Use the hand brush and sweep out the gutter so that the water runs free. Also, downpipes carry the water from the gutters and away from the property. Consider an extension to the base of the pipe to remove water damage.
3. Soil Gradient
You may need to hire some heavy machinery for this technique because moving tons of soil is backbreaking work. Maybe consider hiring professional contractors to complete the job and install a tile drain system.
This is not a cheap solution, with some estimates ranging between $5,000 and $10,000. A tile drain system involves digging down to the wall footings around your property and installing a waterproof membrane.
Another product is a rubber sealant, like this Liquid Rubber Waterproof Sealant. It goes on like traditional paint, with a brush or roller, and when it dries, it forms a rubberized coating to repel water.
Improving drainage works wonders for removing moisture from basements. Like the groundwork option, most homeowners will feel compelled to hire a professional to complete this work.
It may be hard work, but tackling the task yourself is very satisfying.
What You’ll Need
- Drain tile.
- Shovel or hired digger.
- String and stakes.
- Spray paint.
- Tape measure.
- Spirit level.
- Clean gravel.
- Coarse sand.
1. Identify Where the Water Pools
Walk around the perimeter of your house and look for low-lying water. This determines where you install the drain tile. You will need to wait for heavy rainfall.
A drain tile requires a one percent drop to allow the water to drain away. So, that’s one foot for every 100 feet and 2 inches per 20 feet.
2. Mark Out the Drainage Path
You can use a shovel rather than heavy machinery for smaller drain tiles. Mark out the path of the drain using stakes, string, and spray paint. Once you’ve laid out the path, start at the lowest point and dig an eight-inch trench approximately eight inches in depth.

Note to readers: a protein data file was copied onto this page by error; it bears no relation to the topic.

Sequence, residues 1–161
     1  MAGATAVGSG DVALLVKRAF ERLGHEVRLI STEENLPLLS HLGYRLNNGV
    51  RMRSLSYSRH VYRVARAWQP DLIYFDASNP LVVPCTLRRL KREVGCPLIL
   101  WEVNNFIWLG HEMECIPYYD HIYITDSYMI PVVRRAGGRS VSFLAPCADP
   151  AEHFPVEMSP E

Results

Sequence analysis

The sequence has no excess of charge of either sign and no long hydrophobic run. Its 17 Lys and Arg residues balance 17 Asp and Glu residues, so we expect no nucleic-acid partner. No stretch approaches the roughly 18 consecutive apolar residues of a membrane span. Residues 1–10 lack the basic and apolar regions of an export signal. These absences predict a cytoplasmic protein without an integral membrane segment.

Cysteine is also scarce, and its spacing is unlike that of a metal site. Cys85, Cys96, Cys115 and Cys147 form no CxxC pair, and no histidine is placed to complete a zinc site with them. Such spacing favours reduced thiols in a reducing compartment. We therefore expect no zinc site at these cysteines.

Adjust the gradient of the drain to allow for tree stumps and rocks.
3. Add Gravel
Use clean gravel, and spread it two inches deep at the base of the trench. Place a perforated drainage tile on top of the gravel layer. Use male couplers to connect the drain pipe.
Continue packing gravel around the pipe.
Don’t use limestone rock as it may mold into concrete when it makes contact with water.
4. Add a Cover Sleeve
Slide on a cover sleeve over the drainpipe to ensure the holes don’t clog with debris. You can add further protection with a water-permeable landscaper’s fabric.
5. Check the Gradient
Place the spirit level on the pipe and check you have a good gradient. If the bubble sits in the middle, your drain is level, and the water will not flow. It can be easily rectified by packing more gravel beneath the pipe.
6. Cover the Trench
Once you are happy you have the correct gradient, fill the trench with the rest of the clean gravel. Now cover the channel with coarse sand. You can even cover the sand with soil or replace the grass.
Basement Waterproof Tips
Taking the best hints and tips straight out of the professional’s handbook means you get the job done faster, better, and cheaper. Here are a few to whet your appetite:
Dry Out the Basement
You can buy floor standing heaters, like this patio heater by Agiiman, to dry out your damp basement. Buy two, and place them in the center of the basement, facing the walls.
You will need to run them continuously for two or three days before they impact the dampness. Drying out your walls is essential before applying waterproofing treatment.
Strip Away Old Paint
Before applying waterproof treatment, make sure you remove old and flaking paint. The specialist paint doesn’t adhere to existent paint and only sticks to bare masonry. You can use a wire brush to remove the flakiest paint and a scraping tool for the rest.
Increasing the airflow keeps the moisture at bay and helps to reduce mold and mildew. Install a window fan or free-standing fans to circulate the air. Also, let some fresh air into your basement if your windows open.
Drywall and Batons
Concrete is a cold and unappealing material. Why not insulate your bare walls with polystyrene sheets and then baton and drywall. It creates a warmer space and looks more aesthetically pleasing.
It also keeps the moisture locked out thanks to the insulation and air gap between the drywall and the concrete.
Dry Out That Basement
Waterproofing your basement creates a healthier environment and protects your belongings stored below ground. Most of the methods mentioned are relatively simple, but you may need to seek professional advice for longer-term remedies.
However, don’t let that put you off. It could be the best time, effort, and money you’ve spent.